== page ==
Fantastic Fest 2016 Review: THE HANDMAIDEN

By Mark Saldana

Rating: 4 (Out of 4 Stars)

My first film of Fantastic Fest 2016 was an erotic thriller by the incomparable, South Korean director Park Chan-wook.  After making his English language debut with Stoker, the acclaimed filmmaker returns to his native language with an adaptation of the novel The Fingersmith.  Though the novel is by Welsh writer Sarah Walters and set in Victorian era Britain,  Chan-wook and his co-writer Chung Seo-kyung have changed the setting to Japanese colonial-ruled South Korea.  The result is a beautiful and incredible masterpiece that gave Fantastic Fest attendees much to discuss afterward and is sure to have the same impact on all audiences who get to experience this cinematic work of art.

In 1930s Korea, con artist Count Fujiwara (Ha Jung-woo) has an elaborate plan to woo the wealthy heiress Lady Hideko (Kim Minh-hee) in order to get his hands on her money.  In need of a spy on the inside, Fujiwara hires thief Sook-hee (Kim Tae-ri) to pose as Hideko’s personal maid.  Things begin to get more complicated for Sook-hee as she and her mistress form a close bond and begin to have romantic feelings for one another.  As Sook-hee gets more involved with Lady Hideko, she discovers that there is much more going on at the estate of Lady Hideko and her stern Uncle Kouzuki (Cho Jin-woong).

With The Handmaiden, Park Chan-wook has made another superb, complex and astounding psychological thriller.  Chan-wook and Chung Seo-kyung’s screenplay is excellently written with exceptional character development and a well-constructed plot and story that builds up tension and suspense beautifully and packs several wallops when it comes to delivering surprises galore.  Those familiar with Park Chan-wook’s previous work will not be surprised to hear that his latest movie has content of both erotic and violent natures.  This movie obviously will not appeal to more reserved and conservative audiences, but fans of the South Korean director will relish in his unflinching ability to present its strong adult content in an artistically beautiful way.  Park Chan-wook may present disturbing content, but he has a reason for it all.  This movie may delve deep into sexuality, perversity, and violence, but the director uses it as a commentary on humanity.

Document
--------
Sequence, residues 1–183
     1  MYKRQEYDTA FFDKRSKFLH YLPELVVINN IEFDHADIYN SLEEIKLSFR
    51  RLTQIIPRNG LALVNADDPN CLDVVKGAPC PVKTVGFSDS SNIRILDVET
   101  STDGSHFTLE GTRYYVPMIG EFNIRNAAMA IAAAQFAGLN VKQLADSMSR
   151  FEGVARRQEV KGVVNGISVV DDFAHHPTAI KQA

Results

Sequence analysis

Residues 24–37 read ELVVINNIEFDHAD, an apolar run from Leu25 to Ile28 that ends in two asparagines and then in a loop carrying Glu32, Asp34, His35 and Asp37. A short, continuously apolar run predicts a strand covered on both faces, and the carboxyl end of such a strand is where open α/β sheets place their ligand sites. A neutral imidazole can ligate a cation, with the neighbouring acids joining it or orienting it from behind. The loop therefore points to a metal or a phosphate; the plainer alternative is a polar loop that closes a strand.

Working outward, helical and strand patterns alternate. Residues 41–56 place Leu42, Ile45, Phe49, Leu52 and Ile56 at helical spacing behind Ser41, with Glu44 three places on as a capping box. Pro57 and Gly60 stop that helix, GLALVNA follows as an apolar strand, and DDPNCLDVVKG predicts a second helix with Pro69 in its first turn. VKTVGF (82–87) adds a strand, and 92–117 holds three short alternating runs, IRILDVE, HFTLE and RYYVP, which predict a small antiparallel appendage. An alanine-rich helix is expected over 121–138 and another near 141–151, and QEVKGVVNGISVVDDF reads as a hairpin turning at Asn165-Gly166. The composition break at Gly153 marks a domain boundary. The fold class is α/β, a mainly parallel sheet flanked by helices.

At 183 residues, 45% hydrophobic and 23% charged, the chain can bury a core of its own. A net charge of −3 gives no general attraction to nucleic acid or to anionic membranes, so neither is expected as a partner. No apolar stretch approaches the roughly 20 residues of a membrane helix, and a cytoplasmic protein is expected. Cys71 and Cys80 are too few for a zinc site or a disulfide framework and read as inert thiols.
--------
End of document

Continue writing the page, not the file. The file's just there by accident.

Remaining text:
Kudos must also be given to cinematographer Chung Chung-hoon, production designer Ryu Seong-hie, and costume designer Jo Sang-gyeong for helping Chan-wook achieve his gorgeous cinematic vision.  The entire cast delivers excellent and sublime work with Kim Minh-hee and Kim Tae-ri standing out for their beautifully haunting performances and palpable chemistry that will leave audiences breathless.  Ha Jung-woo and Cho Jin-woong also deserve high praise for their outstanding and credible portrayal of two very despicable characters.

Though I missed the main opening night film of this year’s Fantastic Fest (Arrival), I am quite pleased that my first movie turned out to be one so extraordinary that it ended up being my favorite film of the festival.   I am absolutely certain that it will also be one of my favorite films of the year. To make my opening night even more exciting, director Park Chan-wook attended the screening, introduced the movie and did a Q & A session afterward.  It was wonderful to hear his insights on his movies and on cinema in general.  He is sure to be recognized as one of the great filmmakers of his time.

Tim League with Park Chan-wook and his translator during the Q & A.
Tim League with Park Chan-wook and his translator during the Q & A.




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